Should you buy the Astro Gaming A50 Wireless?
However, despite its potential, the Astro Gaming A50 Wireless is a disappointing headset.
The build quality is questionable, the microphone is too quiet and distorts deeper voices, and the base station is a nuisance as well as a help. Connecting to the platform can be a pain, as can getting the headset to sit in the correct position. It also seems to require reset on a whim. In addition to being comfy, this headset’s audio features perform admirably. However, this isn’t enough to make the $300 price tag worthwhile.
Since its introduction in the summer of 2019, the Astro Gaming A50 Wireless has become a high-end stalwart. To be honest, you can get a lot more bang for your buck elsewhere.
Is the microphone any good?
For a gaming headset, the Astro Gaming A50 Wireless has an average microphone. There is a noticeable lack of bass focus in this product, as is the case with many other offerings. As a result, those with deeper voices will sound muddled as a result. It will be easier to hear sibilant noises (F, S, and SH) because of the intermittent peaks in the high frequency range.
How does the Astro Gaming A50 Wireless sound?
The Astro Gaming A50 Wireless is a typical gaming headset in terms of sound quality. Bass notes are well-emphasized, but high-frequency sounds are overemphasized. Turning on Dolby Audio de-emphasizes high-end sound by altering the headset’s frequency response. It’s more than just surround sound. Sound drowning out other noises shouldn’t be a problem because everything is in balance.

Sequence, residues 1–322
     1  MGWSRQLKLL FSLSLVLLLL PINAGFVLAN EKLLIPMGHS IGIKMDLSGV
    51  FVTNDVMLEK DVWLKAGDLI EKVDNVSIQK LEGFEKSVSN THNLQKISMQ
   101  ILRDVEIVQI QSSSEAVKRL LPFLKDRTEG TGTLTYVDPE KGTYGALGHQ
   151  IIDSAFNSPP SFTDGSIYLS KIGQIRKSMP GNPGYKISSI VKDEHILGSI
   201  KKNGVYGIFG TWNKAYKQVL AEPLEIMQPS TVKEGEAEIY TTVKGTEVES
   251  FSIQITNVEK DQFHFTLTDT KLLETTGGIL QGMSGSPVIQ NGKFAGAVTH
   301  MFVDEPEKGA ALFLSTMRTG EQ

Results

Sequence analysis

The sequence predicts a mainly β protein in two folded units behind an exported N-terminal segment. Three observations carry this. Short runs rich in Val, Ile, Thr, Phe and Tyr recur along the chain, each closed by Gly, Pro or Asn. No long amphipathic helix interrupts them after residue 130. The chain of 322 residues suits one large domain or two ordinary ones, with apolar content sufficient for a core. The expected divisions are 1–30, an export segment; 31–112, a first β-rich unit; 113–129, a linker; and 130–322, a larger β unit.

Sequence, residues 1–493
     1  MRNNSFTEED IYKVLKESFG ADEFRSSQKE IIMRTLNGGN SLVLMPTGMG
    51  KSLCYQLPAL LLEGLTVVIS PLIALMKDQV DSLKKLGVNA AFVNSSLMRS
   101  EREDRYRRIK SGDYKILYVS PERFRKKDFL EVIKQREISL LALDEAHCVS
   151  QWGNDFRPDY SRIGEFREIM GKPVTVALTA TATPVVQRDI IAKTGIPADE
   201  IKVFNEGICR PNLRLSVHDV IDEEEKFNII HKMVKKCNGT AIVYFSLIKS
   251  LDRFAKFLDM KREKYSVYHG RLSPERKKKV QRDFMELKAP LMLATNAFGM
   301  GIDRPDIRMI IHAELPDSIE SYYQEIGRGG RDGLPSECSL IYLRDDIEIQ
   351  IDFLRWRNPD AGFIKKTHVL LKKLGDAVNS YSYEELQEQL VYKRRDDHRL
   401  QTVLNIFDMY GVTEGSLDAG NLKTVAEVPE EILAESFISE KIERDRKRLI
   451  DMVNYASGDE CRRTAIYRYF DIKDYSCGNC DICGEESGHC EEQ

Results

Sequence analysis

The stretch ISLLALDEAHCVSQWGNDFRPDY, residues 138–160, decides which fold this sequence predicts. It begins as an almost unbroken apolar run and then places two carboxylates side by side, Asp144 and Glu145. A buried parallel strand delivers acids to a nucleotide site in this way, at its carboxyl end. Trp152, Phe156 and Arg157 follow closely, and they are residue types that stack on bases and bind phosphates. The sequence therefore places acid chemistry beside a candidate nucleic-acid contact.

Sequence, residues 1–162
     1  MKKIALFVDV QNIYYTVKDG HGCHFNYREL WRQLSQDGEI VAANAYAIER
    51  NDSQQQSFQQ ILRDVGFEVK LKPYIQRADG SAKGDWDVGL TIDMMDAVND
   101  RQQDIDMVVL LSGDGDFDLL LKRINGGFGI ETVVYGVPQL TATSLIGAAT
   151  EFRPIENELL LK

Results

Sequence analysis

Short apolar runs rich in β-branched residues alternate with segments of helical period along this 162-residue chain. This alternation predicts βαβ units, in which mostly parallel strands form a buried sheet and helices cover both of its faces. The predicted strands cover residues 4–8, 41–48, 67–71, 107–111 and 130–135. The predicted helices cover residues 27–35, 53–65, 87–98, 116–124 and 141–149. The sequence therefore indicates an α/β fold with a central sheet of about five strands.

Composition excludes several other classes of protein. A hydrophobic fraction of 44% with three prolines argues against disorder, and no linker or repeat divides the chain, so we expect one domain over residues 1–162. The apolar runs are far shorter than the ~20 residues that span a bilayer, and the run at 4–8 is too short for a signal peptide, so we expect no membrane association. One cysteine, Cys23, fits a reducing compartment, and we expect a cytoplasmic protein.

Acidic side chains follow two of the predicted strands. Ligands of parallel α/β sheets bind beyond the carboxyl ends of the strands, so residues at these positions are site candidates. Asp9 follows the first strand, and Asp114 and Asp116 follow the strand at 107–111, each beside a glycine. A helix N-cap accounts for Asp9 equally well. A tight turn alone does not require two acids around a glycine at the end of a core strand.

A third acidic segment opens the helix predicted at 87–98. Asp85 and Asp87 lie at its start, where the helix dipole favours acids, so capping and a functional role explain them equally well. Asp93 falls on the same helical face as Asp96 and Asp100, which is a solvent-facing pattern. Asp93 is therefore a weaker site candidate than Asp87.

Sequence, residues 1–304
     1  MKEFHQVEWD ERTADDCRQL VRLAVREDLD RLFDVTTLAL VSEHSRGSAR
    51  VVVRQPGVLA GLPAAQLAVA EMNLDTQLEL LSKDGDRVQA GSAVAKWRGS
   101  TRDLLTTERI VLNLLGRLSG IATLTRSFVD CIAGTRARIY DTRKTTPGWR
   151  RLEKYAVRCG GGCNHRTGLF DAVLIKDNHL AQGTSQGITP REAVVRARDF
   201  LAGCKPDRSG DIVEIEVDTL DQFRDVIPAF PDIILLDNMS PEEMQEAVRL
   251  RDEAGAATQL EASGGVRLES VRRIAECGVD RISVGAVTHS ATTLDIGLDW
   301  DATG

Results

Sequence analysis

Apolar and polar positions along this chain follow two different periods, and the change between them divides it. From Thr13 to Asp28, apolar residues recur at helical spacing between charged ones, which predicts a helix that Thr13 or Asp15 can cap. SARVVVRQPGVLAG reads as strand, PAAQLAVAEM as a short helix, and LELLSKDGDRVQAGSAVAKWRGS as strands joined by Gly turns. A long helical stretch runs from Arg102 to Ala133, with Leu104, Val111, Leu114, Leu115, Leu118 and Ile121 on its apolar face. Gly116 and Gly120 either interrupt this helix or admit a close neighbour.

There are several types of electronic music that benefit from a frequency response like this one. Some vocals and cymbal sounds may be a little muted because of the high-end de-emphasis. While the piano’s high notes are clearly discernible in Vulfpeck’s It Gets Funkier, they get a little muddled in the sonic clutter of all the other instruments.
How do you connect the Astro Gaming A50?
Using a USB cable, you can connect the Astro Gaming A50 Wireless to your console or PC and charge it at the same time. The 2.4GHz RF signal used by the base station and the headset to communicate is lag-free and ideal for gaming. When it comes to the A50 Wireless, Astro states that it can keep a continuous connection up to 30 feet away from the base station, which is accurate—I have no issues even when I’m behind closed doors.
An excellent choice for anyone looking for a high-quality wireless headset. The specifications are excellent, and the base station provides an elegant way to charge.
The A50’s price is the one thing that keeps us coming back to it, again and over again. Excellent sound quality and comfort make this headset ideal for both gaming and listening to music, plus it’s well-designed and easy to use. However, is it worth the money?
The A50 has a timeless aesthetic because to its sophisticated yet understated design. If you’re looking for a headset that won’t go out of style, look no further than the Logitech G430. However, the $300 price tag may be a tad expensive given the few minor flaws we’ve uncovered.
However, the A50’s advantages well exceed its disadvantages, and we don’t think you’ll be disappointed if you spend the money on it. When you get this headset, you’ll have a piece of tech that’s miles ahead of anything else out there. You may, however, wonder if you could have it any better.